Jalen Rose calls Grant Hill “Uncle Tom”

By Off the wire Courtesy of the NY Times
Updated: March 16, 2011

New York, NY—Former Duke star Grant Hill said Wednesday it was “sad and somewhat pathetic” to see former Michigan guard Jalen Rose refer to him and other black Duke players as “Uncle Toms.”

Grant Hill

Grant Hill

For me, Duke was a person,” Rose said in the new ESPN documentary “The Fab Five,” which he executive produced. “I hated Duke and I hated everything Duke stood for. Schools like Duke don’t recruit players like me. I felt like they only recruited black players that were Uncle Toms.”

The Fab Five

The Fab Five

Former Wolverine Jimmy King, who played alongside Rose, Chris Webber, Juwan Howard and Ray Jackson as part of the “Fab Five” freshmen who arrived in Ann Arbor in 1991, echoed Rose’s sentiments.

“I thought [former Duke star] Christian Laettner was soft; a b*tch. And I thought Grant Hill was a b*tch,” King said, referring to what the Michigan players thought about the Blue Devils as teenagers.

Hill took issue with the comments in an editorial Wednesday in the New York Times.

“It was a sad and somewhat pathetic turn of events, therefore, to see friends narrating this interesting documentary about their moment in time and calling me a b*tch and worse, calling all black players at Duke “Uncle Toms” and, to some degree, disparaging my parents for their education, work ethic and commitment to each other and to me.”

Hill added, “I am aware Jalen has gone to some length to explain his remarks about my family in numerous interviews, so I believe he has some admiration for them.”

Rose admitted in the documentary that he admired Hill’s upbringing as part of a “strong black family,” explaining that as a teenager he resented the fact that he did not know his father while growing up in Detroit.

The Suns forward and seven-time NBA All-Star wrote that Rose turned the “vitriolic” Uncle Tom phrase into a term to describe “blacks from two-parent, middle-class families” and “leaves us all guessing exactly what he believes today.”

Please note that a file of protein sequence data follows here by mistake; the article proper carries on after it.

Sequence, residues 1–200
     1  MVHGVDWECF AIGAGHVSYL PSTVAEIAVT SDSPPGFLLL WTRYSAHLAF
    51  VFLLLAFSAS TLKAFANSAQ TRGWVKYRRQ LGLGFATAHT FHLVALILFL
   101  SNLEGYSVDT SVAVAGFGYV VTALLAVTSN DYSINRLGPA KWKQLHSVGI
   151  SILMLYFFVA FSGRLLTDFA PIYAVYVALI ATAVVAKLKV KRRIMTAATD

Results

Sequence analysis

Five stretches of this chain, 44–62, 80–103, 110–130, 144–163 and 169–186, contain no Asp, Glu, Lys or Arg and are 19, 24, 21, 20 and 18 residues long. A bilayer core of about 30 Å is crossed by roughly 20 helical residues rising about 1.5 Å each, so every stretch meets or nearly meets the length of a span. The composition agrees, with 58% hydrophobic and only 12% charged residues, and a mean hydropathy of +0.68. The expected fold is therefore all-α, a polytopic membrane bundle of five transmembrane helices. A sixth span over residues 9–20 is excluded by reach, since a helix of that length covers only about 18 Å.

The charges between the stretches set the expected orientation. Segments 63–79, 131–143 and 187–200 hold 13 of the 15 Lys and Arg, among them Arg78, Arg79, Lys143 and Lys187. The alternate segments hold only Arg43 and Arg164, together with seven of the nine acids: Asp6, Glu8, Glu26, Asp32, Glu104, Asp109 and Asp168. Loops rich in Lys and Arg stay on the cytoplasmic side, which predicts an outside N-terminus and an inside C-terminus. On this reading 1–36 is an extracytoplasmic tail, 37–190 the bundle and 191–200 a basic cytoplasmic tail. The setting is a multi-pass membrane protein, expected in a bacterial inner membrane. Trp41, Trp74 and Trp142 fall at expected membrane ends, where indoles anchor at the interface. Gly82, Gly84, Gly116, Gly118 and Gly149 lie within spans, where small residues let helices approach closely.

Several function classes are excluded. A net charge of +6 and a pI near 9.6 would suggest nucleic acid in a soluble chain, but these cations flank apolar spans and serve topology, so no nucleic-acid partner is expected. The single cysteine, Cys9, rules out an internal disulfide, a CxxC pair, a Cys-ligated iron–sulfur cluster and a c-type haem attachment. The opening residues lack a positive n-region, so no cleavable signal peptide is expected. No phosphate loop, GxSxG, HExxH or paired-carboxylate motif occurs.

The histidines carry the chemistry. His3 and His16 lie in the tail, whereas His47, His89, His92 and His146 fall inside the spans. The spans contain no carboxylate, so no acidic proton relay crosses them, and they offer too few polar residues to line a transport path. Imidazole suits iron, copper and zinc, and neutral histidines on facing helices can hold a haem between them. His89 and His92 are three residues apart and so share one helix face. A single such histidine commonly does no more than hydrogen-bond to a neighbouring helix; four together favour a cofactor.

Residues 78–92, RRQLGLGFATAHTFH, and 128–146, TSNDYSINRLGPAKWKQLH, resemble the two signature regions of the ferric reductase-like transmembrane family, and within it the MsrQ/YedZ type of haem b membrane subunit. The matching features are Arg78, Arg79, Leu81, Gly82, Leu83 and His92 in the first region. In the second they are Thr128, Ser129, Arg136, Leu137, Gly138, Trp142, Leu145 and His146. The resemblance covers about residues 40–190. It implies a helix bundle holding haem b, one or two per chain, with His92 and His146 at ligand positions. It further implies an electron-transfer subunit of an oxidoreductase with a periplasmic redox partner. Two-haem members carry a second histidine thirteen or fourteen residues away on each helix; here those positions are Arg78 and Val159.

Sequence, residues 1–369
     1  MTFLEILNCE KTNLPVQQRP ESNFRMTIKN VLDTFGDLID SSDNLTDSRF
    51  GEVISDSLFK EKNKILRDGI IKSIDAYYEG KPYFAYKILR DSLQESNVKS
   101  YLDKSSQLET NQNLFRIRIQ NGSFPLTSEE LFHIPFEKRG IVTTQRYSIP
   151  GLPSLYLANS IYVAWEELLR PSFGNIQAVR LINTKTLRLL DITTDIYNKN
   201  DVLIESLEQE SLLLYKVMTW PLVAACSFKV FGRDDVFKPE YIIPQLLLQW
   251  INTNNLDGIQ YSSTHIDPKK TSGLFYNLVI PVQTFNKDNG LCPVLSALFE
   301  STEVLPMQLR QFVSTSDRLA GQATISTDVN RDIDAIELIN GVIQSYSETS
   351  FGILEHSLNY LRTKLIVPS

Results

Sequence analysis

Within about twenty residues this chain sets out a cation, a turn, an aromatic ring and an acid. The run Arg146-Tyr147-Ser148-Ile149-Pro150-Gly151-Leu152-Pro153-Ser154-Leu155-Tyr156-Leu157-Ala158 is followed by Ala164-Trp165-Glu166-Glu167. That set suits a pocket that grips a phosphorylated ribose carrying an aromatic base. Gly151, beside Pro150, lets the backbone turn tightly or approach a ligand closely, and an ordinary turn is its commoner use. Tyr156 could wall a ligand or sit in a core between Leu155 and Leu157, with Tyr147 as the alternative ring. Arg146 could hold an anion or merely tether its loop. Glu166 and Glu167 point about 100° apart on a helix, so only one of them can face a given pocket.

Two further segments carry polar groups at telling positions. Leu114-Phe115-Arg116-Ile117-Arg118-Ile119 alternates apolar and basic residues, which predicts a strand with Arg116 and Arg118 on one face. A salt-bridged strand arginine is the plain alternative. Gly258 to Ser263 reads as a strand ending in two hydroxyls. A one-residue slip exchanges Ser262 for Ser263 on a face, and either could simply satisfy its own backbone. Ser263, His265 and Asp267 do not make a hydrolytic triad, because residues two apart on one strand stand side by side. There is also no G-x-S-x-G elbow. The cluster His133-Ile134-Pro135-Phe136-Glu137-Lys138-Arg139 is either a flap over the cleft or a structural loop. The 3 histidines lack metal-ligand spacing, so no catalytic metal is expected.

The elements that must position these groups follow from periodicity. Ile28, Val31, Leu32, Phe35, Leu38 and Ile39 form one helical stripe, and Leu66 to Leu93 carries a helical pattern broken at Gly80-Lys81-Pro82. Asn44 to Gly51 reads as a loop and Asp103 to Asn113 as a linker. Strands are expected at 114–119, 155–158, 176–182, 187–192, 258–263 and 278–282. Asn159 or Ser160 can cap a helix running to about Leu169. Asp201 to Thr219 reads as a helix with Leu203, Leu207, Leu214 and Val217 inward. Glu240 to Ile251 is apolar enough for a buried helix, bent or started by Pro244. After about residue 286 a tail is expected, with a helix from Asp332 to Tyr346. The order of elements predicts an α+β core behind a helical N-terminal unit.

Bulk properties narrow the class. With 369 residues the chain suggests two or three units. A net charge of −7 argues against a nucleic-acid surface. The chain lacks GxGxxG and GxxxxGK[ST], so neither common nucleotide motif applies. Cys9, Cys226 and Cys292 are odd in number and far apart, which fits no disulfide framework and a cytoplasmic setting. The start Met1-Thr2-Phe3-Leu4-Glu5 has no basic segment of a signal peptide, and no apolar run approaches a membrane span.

“To hint that those who grew up in a household with a mother and father are somehow less black than those who did not is beyond ridiculous,” Hill said.

Hill was a sophomore on the Duke team that defeated Michigan and “The Fab Five” 71-51 in the 1992 final, the team’s second straight championship.

Hill ended his response by saying, “I am proud of my family. I am proud of my Duke championships and all my Duke teammates. And, I am proud I never lost a game against the Fab Five.”

The Suns forward and seven-time NBA All-Star wrote that Rose turned the “vitriolic” Uncle Tom phrase into a term to describe “blacks from two-parent, middle-class families” and “leaves us all guessing exactly what he believes today.”

“To hint that those who grew up in a household with a mother and father are somehow less black than those who did not is beyond ridiculous,” Hill said.

Hill was a sophomore on the Duke team that defeated Michigan and “The Fab Five” 71-51 in the 1992 final, the team’s second straight championship.

Hill ended his response by saying, “I am proud of my family. I am proud of my Duke championships and all my Duke teammates. And, I am proud I never lost a game against the Fab Five.”